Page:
4. House or Residence Cleaning
Although this is for slightly older kids who can handle responsibility, house cleaning is a great gig because everyone needs it. For example, college students often move into new apartments and are required to clean up before moving out. They can also use periodic cleanings as they are often busy with studying and activities, so they don’t run into a situation where they need major cleaning. Elderly individuals can use cleaning, as it may be hard for them physically; professionals can use such a service as they’re occupied with work; moms can use it as their kids will inevitably dirty up their residence. Therefore, you have a wide base of customers. You will need tools such as a vacuum cleaner– unless already provided — and you will work many different areas, including the living room, bathroom, kitchen, and bedrooms. Because of the need for tools, it is recommended that only older and more responsible kids take this on. Plus, you are taking care of something, and might even be given the key to the house. All of these factors, among others, play into this advice
Older kids can also take on babysitting. It is recommended that you establish your rates before going into business– if you don’t, you might get underpaid. Parents might assume that you will accept a certain rate– like $4 an hour– when you really won’t. You should factor distance, babysitting experience, number of children, difficult of activities, time of day, transportation, and special needs of the children into the equation. You might want to bring a “fun” bag with you, which essentially contains activities and games with which the children can play. Make sure you know how to discipline the children properly and have emergency contacts. Always ask for advice from the parents as to what you can do better next time! You will not only improve your babysitting skills, but you’ll eventually earn more money.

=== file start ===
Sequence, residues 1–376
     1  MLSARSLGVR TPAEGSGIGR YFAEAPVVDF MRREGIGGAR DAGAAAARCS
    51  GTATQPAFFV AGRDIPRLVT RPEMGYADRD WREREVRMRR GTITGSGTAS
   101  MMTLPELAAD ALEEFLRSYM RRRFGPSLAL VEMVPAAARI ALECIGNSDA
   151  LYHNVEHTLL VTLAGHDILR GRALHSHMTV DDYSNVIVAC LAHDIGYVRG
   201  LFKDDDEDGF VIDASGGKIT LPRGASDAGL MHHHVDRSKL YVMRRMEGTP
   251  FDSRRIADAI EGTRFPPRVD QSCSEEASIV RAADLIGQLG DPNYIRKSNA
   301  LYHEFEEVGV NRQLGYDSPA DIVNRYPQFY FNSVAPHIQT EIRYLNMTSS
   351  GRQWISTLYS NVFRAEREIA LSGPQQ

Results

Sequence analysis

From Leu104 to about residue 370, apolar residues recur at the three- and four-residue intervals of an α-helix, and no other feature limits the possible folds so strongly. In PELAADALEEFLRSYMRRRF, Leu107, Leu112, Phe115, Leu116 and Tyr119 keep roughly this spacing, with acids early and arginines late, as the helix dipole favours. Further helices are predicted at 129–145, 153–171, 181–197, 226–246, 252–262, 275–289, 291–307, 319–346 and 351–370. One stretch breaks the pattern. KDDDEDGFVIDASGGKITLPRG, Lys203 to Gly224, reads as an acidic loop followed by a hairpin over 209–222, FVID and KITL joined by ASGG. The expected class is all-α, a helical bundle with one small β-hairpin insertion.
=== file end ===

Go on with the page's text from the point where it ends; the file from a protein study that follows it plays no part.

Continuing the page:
6. Selling Golf Balls
Chances are that if you live near a golf course, there will be at least a few errant golf balls. People will hit them out of the course, and you can capitalize upon this. You can sell these balls back to golfers after washing and cleaning them, and make money. You should expect to make anywhere from $10 to $20 an hour by doing this– about a dollar per ball. You should bring a big bucket with you to the golf course, and simply fill it up with as many balls as you can. There are three options for cleaning and washing the balls: by hand, using a washing machine, or dishwasher. You can usually sell the balls by going to the golf course– especially on a weekend when it is busiest– setting up a stand nearby the course, or posting on a free classifieds section, such as Craigslist.